“It’s an amazing opportunity to see different programs and a true representation of American dance,” Copeland told WTOP. “The diversity you see in terms of the types of movement, the music choices for each piece, the stories that are being told, just to show how incredibly diverse American dance is.”
“We have a wonderful, diverse program in store,” Peck added. “There’s a great level of talent on stage and a wide array of companies from all over the country together in one place. That’s exciting itself.”
Copeland will curate Wednesday, Thursday and Friday with a focus on diversity, including the all-African-American dance company The Black Iris Project performing “Madiba” by Jeremy McQueen.
“The first I thought of was Jeremy McQueen,” Copeland said. “To give a company of black dancers an opportunity to be seen in true classical dance and not think, ‘Oh, they have to do more contemporary or modern.’ In telling the story of Nelson Mandela, I thought this was an amazing platform to use.”
Copeland will also present Nashville Ballet’s “Concerto” by artistic director Paul Vasterling, and Complexions Contemporary Ballet’s “Star Dust” by Dwight Rhoden and Desmond Richardson.
“They’re doing such a variety and range,” Copeland said. “There’s one dancer with The Nashville Ballet, Kayla Rowser; she’s someone I noticed immediately, maybe five or six years ago. She’s in Nashville doing these classical leading roles for the first time as an African-American woman, the only one in the company, so I felt like this is a great opportunity to bring that company — and her — here.”
After that, Peck will curate Saturday and Sunday, following the theme of innovation. His program kicks off with L.A. Dance Project’s “Hearts and Arrows” by artistic director Benjamin Millepied.
“It’s a company that I’ve worked with a couple times and they’re just a phenomenal group of dancers who have a strong ballet basis, but move into other territory with the repertoire that they perform.”
From there, Joffrey Ballet presents “Fool’s Paradise” by Christopher Wheeldon and Ashley Wheater.
“I saw [‘Fool’s Paradise’] actually at the premiere in New York at New York City Center,” Peck said. “It must have been 10 years ago and it’s still [in my brain]. It just left a very good impression. They’re a wonderful company, really great energy, hard workers and just great camaraderie among the group.”
After that, Miami City Ballet’s Patricia Delgado and Jovani Furlan will perform “Lord Duet” from “Year of the Rabbit,” followed by Kyle Abraham’s “The Gettin,'” performed by Abraham.In.Motion.
“[‘Lord Duet’] is a pas de deux I choreographed from ‘Year of the Rabbit,’ which was one of the first ballets I created for New York City Ballet,” Peck said. “[‘The Gettin’] is a great piece I saw in New York a few years ago. [Abraham] has an incredible voice and [is] a very interesting choreographer. We’ve been watching each other’s work for a while, so I really wanted to include him and his company.”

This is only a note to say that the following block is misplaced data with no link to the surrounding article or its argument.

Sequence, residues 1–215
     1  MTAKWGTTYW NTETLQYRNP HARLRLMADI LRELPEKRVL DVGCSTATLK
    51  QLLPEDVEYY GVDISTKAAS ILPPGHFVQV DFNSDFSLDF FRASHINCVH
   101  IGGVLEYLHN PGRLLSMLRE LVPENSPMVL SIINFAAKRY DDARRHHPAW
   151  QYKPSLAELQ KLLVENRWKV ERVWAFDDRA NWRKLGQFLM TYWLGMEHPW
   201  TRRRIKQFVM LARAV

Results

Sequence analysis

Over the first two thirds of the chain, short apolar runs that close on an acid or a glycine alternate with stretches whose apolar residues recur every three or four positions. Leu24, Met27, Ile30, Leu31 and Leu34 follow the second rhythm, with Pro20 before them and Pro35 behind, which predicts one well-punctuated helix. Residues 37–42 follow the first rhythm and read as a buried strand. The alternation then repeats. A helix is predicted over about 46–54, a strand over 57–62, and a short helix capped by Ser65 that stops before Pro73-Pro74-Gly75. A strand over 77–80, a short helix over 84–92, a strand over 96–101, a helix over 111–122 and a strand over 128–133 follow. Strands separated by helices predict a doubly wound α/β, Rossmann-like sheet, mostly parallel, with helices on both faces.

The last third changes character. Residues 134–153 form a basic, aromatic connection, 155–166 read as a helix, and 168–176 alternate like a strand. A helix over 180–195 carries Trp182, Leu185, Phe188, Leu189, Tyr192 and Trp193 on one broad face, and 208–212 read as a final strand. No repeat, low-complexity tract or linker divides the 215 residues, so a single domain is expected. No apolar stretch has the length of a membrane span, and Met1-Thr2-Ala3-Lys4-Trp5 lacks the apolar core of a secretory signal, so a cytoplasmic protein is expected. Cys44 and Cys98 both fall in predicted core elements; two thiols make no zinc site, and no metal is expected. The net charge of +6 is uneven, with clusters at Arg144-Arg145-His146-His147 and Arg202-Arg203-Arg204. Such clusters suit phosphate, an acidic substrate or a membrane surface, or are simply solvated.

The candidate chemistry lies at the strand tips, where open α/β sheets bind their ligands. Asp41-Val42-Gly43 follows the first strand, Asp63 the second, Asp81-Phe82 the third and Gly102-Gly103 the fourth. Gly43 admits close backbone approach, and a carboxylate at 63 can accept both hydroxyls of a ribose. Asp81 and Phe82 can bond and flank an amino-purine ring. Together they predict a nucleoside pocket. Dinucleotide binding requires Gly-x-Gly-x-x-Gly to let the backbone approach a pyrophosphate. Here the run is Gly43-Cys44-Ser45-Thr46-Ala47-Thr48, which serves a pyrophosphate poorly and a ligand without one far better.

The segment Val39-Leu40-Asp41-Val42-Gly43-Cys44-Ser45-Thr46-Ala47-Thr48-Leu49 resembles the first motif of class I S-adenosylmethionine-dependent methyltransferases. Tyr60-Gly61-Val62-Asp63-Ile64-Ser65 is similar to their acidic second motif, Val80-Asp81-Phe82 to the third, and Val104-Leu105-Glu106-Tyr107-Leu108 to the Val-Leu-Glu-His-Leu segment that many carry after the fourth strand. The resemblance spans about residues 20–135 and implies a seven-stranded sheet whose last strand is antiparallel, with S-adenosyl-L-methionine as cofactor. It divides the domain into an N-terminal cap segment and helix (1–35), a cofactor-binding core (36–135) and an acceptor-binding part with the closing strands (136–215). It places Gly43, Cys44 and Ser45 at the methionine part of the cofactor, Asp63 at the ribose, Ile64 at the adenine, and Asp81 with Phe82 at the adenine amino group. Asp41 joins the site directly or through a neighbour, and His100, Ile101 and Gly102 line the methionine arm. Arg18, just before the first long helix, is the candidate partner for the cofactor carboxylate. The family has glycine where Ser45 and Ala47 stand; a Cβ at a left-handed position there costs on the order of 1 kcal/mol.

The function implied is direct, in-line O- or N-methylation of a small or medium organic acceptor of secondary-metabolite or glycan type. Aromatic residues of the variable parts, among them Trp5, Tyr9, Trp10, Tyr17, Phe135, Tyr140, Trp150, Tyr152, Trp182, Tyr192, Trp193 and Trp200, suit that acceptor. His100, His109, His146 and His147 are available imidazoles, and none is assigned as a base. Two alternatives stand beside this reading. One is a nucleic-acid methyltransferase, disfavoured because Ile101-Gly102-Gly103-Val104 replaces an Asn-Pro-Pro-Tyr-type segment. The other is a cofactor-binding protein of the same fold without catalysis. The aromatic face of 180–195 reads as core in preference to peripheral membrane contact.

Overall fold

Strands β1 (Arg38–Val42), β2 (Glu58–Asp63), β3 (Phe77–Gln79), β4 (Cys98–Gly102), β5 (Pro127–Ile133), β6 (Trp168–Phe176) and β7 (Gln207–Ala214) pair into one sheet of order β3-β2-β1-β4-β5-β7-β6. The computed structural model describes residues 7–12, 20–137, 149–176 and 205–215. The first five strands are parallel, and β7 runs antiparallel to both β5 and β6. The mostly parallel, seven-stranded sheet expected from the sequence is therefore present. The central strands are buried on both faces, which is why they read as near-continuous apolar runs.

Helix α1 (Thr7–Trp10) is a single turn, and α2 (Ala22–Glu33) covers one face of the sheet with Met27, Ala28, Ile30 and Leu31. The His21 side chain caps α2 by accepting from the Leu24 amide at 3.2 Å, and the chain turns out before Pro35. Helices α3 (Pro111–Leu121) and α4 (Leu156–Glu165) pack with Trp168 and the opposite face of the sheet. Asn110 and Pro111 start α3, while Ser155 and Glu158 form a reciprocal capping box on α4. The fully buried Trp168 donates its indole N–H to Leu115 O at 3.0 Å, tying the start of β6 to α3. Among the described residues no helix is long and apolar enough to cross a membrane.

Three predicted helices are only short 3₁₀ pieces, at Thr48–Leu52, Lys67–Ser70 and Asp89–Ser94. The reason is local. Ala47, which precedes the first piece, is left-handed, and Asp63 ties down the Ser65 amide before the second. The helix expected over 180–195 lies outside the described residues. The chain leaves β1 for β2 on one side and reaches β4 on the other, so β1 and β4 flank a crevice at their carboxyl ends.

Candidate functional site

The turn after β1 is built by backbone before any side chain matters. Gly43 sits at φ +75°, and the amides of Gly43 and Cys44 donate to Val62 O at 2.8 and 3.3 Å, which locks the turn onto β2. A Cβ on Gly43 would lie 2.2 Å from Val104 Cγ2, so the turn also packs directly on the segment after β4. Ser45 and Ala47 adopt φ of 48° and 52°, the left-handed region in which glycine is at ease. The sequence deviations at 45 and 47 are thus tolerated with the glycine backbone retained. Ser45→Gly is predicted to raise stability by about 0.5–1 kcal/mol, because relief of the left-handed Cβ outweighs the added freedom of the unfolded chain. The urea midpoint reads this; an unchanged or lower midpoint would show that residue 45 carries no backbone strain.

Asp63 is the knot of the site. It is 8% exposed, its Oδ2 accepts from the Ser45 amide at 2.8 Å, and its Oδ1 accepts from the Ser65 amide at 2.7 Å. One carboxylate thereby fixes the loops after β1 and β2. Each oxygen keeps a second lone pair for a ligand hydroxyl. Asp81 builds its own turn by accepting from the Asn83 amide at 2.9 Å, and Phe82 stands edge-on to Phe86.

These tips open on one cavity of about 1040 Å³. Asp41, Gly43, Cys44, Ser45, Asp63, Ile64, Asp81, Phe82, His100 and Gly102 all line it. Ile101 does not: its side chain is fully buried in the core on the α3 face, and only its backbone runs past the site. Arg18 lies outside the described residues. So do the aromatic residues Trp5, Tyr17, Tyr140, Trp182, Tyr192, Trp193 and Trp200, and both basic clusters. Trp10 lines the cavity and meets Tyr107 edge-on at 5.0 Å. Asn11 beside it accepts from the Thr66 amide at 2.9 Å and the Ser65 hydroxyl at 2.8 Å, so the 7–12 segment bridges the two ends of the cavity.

As resident choreographer at New York City Ballet, Peck has long admired the Kennedy Center.
“I’ve been a huge fan of Kennedy Center for a long time,” Peck said. “We’ve been coming here with New York City Ballet for several years, so when they approached me about this, I was super excited. … We’re coming back down in June, bringing two programs. … One is a piece called ‘Rodeo: Four Dance Episodes.’ The other is a new ballet … I’m collaborating on with composer Sufjan Stevens.”
Copeland has her own history here, saluting Patricia McBride at the 2014 Kennedy Center Honors.
“It was absolutely incredible, as a dancer who was not trained in the Balanchine technique, to go out there and perform Tchaikovsky’s pas de deux was just such a complete honor,” Copeland said. “I have so many memories here. I’ve been coming to the Kennedy Center since I was 19 years old. I’m 34 now. We used to come here to do ‘The Nutcracker’ every season, and to be able to do my very first ‘Swan Lake’ in America here with The Washington Ballet [in 2015], that is something I’ll never forget.”
While she began dancing at a young age, she says her path into classical ballet was rather “unusual.”
“I didn’t grow up hearing classical music [and] didn’t see classical ballet until I was 15,” she said. “Once I stepped into this world, I saw the beauty that most Americans don’t usually get to see. … It’s not something that’s accessible to a lot of communities here in America. I wanted to, with the platform I have, be able to put ballet in spaces that are really relatable and that can reach the American people.”
Now, her rising fame has earned a unique celebrity status that has transcended the ballet world.
“To have sponsorships and endorsement deals with Under Armour, that’s reaching a really broad range of people,” Copeland said. “That’s why I’m doing what I’m doing. … I’m fortunate to be in this position and it’s absolutely not a burden. … [‘Ballet Across America’] was a really exciting opportunity to be able to give companies that haven’t been given a platform, the Kennedy Center as a platform.”
Click here for details. Watch our full video chat with Misty Copeland and Justin Peck at the top of this page.
Like WTOP on Facebook and follow @WTOP on Twitter to engage in conversation about this article and others.